1. ITV Report

Soldier who killed his 20-month-old daughter jailed for six years

Former soldier Lance Corporal Liam Culverhouse. Photo:

A soldier who killed his 20-month-old daughter after surviving a rogue attack in Afghanistan has been jailed for six years.

Lance Corporal Liam Culverhouse admitted causing the death of Khloe Abrams at an earlier hearing.

The Grenadier Guardsman was medically discharged from the Army after losing his right eye in the shootings at an Afghan National Police checkpoint in Nad-e-Ali in Helmand Province in November 2009. Five of his comrades were killed in the attack.

Eighteen months after returning home, Culverhouse assaulted Khloe at the family home in Northampton, resulting in the toddler suffering severe brain damage and fractures to her skull, ribs and limbs.

The toddler, who was just seven weeks old, was admitted to Northern General Hospital on May 8 2011.

Despite receiving medical treatment, she never recovered and died at the Rainbow Children's Hospice in Loughborough 18 months later on November 7 2012.

Sentencing Culverhouse today at Northampton Crown Court, the judge Mr Jeremy Baker said it was clear he had been suffering from post traumatic stress disorder following his ordeal but that did not diminish the fact he had caused the death of his daughter.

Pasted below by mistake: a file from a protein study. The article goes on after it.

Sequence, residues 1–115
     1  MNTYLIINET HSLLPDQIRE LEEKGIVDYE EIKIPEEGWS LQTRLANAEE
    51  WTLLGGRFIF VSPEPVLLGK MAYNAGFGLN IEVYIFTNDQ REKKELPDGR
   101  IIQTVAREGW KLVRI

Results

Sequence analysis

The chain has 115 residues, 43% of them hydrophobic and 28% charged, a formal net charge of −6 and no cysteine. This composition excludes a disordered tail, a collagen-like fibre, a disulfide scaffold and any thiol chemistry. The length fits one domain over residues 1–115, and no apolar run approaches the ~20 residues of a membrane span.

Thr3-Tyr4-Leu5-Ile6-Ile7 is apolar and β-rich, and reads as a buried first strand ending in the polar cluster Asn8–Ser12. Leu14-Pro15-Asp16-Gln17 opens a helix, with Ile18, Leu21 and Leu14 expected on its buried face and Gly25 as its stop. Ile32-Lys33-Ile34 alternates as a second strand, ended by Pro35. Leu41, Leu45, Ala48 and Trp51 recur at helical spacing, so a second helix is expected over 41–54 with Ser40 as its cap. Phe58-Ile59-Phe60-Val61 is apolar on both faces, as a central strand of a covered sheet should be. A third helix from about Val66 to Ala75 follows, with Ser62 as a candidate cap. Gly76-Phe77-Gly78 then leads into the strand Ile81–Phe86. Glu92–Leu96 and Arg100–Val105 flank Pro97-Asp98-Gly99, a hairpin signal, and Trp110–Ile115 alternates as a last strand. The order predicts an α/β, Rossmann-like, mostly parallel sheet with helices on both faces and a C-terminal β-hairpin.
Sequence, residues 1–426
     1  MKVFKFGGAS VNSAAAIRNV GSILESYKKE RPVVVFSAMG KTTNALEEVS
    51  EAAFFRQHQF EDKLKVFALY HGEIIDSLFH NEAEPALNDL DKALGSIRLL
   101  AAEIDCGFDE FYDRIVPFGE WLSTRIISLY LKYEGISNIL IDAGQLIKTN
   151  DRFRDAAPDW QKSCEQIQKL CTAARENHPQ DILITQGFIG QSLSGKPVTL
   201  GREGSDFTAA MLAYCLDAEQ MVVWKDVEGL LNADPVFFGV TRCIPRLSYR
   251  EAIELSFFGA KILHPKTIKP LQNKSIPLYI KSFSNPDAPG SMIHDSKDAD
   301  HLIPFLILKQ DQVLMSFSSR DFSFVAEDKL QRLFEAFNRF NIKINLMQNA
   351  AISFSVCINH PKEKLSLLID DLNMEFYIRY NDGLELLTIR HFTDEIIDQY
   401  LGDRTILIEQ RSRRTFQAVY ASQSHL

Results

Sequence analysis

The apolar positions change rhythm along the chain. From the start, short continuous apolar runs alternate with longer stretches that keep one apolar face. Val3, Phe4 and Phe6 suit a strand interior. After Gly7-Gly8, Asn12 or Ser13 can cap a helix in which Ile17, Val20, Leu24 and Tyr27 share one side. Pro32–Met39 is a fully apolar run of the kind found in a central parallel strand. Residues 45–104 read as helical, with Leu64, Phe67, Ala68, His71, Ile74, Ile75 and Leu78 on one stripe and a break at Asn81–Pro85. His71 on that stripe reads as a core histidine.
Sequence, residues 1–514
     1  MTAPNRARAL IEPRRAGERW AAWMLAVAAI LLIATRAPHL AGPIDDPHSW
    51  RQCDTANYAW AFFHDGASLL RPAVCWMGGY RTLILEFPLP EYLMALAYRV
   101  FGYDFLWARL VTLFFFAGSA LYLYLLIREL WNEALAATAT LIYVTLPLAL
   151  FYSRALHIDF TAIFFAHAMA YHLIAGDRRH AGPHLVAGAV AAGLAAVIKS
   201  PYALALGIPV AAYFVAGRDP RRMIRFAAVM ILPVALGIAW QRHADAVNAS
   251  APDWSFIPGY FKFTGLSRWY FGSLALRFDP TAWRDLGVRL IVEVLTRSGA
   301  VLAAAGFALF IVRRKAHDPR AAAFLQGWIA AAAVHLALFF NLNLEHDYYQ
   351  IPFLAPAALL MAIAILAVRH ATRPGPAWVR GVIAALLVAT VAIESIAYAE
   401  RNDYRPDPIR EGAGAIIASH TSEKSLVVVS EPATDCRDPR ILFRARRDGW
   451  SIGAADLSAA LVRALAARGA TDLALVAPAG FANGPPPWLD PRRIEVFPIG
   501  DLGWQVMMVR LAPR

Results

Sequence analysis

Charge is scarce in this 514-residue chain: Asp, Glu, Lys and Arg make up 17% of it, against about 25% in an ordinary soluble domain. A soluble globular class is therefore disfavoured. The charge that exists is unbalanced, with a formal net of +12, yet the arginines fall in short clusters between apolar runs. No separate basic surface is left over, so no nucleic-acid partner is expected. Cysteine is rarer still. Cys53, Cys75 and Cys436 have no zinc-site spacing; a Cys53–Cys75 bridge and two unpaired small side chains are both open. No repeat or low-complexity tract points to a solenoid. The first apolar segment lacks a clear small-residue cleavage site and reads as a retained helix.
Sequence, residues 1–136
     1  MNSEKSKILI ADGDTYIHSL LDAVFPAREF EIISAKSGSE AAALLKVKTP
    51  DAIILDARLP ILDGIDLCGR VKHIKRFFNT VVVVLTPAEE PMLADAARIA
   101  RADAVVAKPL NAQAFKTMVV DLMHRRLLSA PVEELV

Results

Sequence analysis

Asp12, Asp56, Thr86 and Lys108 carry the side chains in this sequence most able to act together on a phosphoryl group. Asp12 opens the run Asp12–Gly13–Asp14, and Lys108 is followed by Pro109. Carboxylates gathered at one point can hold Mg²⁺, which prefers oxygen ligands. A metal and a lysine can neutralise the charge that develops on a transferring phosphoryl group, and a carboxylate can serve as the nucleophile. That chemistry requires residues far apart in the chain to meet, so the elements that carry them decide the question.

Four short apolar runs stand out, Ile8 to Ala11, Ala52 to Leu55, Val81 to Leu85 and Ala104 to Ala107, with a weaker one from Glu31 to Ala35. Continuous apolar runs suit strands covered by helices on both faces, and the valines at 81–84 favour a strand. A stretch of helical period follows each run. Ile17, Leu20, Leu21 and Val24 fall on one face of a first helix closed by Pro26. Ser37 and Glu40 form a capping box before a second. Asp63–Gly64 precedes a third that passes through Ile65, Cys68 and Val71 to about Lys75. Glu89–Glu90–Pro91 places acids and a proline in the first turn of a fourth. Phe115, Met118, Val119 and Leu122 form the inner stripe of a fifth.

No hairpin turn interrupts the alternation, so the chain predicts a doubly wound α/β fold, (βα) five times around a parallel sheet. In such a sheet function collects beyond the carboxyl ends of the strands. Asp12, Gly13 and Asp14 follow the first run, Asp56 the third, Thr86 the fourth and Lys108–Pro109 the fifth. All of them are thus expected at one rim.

Jailing the 25-year-old for six years, Mr Baker said: "No one who has understood what happened to you in November 2009 whilst serving as a member of the British Army in Afghanistan can have anything but profound sympathy for the effect which it had upon you.

"Not only will you have to live with the physical symptoms including blindness in your right eye, but it is clear that the trauma of that and of witnessing the death of a number of your fellow soldiers has caused you to suffer from significant psychological damage, including post traumatic stress disorder".

But the judge added: "As I have said I accept that the effects of your mental condition contributed to your treatment of your daughter. However you acknowledged to police and others that prior to your experiences in Afghanistan you had always had a temper which manifested itself in other circumstances."

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